Should the plans get the green light, they would see 12,000 solar panels capable of producing four megawatts of electricity installed on vacant land at the 150-acre plant, which produces 40 million cases of premium spirits each year.
The owner of brands including Johnnie Walker and Guinness said the move is part of its plans to achieve net-zero carbon emissions from its direct operations by 2030 – and it is working with energy company E.ON and Emtec Energy, a local Scottish business, to develop the solar-panel farm.
The latter would be entirely within the existing footprint of the Leven packaging plant site “and is planned carefully to ensure minimal visual and environmental impact on the surrounding area”.
Gavin Brogan, operations director at the Leven packaging plant, said: “We have been on the journey to environmental sustainability at Leven for many years and we have made great progress, but this solar array would take us to another level, allowing us to generate our own renewable energy onsite and contributing to Diageo’s global ambition to achieve net-zero carbon emissions by 2030.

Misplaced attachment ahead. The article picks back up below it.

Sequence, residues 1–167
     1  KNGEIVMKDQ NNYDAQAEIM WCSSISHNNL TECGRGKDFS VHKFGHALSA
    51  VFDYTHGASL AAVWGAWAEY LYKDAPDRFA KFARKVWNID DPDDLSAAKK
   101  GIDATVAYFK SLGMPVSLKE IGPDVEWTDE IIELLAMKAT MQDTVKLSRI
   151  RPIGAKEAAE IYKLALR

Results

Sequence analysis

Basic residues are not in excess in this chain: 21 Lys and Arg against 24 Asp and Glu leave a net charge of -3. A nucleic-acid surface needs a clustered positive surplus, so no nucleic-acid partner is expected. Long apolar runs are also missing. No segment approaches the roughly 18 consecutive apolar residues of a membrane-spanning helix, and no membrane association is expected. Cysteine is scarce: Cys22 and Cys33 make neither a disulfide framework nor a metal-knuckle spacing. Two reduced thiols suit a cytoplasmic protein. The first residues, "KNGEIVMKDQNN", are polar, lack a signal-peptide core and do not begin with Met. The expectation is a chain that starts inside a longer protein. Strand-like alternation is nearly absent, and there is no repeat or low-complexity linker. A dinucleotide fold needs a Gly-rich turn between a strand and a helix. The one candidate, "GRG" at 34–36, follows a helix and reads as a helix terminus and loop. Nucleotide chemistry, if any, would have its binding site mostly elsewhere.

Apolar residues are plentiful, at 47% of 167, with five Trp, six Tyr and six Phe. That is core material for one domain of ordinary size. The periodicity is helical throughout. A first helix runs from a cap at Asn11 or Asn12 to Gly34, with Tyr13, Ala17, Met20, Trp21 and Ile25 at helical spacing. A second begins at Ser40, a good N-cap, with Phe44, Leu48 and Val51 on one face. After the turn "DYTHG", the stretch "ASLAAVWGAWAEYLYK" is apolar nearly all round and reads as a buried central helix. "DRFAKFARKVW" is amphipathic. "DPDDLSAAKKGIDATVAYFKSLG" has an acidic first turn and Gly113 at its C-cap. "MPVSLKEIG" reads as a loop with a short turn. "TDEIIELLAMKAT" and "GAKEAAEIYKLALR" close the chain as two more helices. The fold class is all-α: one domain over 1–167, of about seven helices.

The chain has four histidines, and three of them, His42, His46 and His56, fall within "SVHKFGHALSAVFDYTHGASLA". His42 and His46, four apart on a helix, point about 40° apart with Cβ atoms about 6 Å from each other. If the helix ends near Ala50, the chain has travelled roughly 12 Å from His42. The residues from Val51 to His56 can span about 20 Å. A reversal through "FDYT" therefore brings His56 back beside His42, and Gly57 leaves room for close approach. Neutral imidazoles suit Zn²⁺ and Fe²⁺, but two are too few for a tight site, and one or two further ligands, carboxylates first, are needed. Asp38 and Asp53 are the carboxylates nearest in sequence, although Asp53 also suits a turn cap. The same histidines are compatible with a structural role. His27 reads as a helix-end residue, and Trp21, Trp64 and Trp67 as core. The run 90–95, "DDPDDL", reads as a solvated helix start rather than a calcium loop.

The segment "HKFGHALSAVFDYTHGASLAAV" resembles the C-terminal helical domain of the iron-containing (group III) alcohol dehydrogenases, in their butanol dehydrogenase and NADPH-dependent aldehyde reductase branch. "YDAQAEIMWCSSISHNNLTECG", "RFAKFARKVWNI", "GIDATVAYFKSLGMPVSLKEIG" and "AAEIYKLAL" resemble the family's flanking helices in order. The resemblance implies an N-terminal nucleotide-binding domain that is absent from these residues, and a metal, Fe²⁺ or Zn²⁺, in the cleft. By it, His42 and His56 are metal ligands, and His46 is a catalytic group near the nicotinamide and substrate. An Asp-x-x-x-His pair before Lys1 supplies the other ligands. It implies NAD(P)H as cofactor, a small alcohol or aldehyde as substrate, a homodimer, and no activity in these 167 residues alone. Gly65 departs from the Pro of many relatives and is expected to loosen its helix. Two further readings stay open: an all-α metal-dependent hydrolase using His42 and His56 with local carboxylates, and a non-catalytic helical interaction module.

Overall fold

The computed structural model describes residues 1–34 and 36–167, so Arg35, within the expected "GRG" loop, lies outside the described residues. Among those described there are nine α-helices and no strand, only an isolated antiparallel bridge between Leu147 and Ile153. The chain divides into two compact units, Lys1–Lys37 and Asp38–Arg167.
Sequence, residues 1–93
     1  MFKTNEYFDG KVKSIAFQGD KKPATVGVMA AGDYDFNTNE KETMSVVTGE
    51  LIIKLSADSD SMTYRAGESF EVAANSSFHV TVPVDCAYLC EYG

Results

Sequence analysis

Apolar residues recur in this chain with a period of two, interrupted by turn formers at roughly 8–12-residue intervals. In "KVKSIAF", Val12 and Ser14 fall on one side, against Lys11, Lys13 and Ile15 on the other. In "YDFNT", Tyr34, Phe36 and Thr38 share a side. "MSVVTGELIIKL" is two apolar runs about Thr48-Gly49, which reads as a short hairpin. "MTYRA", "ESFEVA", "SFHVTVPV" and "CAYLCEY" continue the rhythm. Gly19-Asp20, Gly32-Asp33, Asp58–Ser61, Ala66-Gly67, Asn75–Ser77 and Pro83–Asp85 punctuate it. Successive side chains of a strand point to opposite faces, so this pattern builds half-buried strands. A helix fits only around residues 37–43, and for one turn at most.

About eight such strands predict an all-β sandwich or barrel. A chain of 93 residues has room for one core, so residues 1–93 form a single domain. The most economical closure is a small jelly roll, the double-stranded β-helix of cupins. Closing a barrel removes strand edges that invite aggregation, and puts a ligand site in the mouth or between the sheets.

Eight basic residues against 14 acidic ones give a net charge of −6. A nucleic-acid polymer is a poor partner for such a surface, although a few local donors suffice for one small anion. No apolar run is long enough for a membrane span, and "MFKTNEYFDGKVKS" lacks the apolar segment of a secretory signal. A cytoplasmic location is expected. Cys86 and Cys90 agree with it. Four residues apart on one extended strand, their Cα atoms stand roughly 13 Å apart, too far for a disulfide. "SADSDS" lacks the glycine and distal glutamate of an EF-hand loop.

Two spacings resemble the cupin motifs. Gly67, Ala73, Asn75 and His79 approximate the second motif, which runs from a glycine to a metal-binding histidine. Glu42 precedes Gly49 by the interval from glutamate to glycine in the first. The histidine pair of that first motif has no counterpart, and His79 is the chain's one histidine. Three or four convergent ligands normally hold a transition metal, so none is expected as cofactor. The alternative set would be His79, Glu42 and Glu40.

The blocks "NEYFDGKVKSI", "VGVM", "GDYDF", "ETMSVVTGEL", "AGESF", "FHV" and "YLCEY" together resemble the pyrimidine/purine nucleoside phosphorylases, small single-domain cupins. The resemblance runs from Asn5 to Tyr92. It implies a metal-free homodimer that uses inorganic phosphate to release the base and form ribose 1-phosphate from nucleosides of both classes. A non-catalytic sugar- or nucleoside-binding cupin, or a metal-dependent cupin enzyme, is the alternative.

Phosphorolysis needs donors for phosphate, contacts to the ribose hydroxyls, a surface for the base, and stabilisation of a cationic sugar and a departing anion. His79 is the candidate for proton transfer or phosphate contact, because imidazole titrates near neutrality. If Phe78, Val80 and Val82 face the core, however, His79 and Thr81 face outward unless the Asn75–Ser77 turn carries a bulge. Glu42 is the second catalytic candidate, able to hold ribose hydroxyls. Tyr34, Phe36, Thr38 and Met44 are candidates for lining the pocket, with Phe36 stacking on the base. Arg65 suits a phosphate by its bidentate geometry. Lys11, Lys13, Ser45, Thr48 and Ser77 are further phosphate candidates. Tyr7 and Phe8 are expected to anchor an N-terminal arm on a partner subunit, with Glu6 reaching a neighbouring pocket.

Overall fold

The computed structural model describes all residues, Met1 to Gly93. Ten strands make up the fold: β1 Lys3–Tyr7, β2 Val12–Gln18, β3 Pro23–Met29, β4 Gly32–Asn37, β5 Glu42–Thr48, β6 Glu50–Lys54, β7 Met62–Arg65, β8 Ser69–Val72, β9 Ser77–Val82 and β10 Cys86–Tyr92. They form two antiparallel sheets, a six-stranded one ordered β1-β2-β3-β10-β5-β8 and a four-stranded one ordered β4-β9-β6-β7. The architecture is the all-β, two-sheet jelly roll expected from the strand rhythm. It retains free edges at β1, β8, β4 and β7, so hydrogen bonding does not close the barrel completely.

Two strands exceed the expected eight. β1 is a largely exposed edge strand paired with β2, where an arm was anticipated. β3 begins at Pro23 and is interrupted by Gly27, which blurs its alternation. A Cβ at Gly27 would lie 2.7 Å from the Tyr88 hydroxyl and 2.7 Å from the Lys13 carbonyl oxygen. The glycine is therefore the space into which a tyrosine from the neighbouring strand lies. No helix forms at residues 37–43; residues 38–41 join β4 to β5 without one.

“We have planned this carefully and we are happy to engage our neighbours and local stakeholders during the planning application process.”
The firm added that in Scotland, three of its Scotch whisky distilleries – Oban, Royal Lochnagar and Brora – have already achieved net-zero carbon emissions. Diageo also recently confirmed that its Johnnie Walker Princes Street attraction in Edinburgh will open on September 6.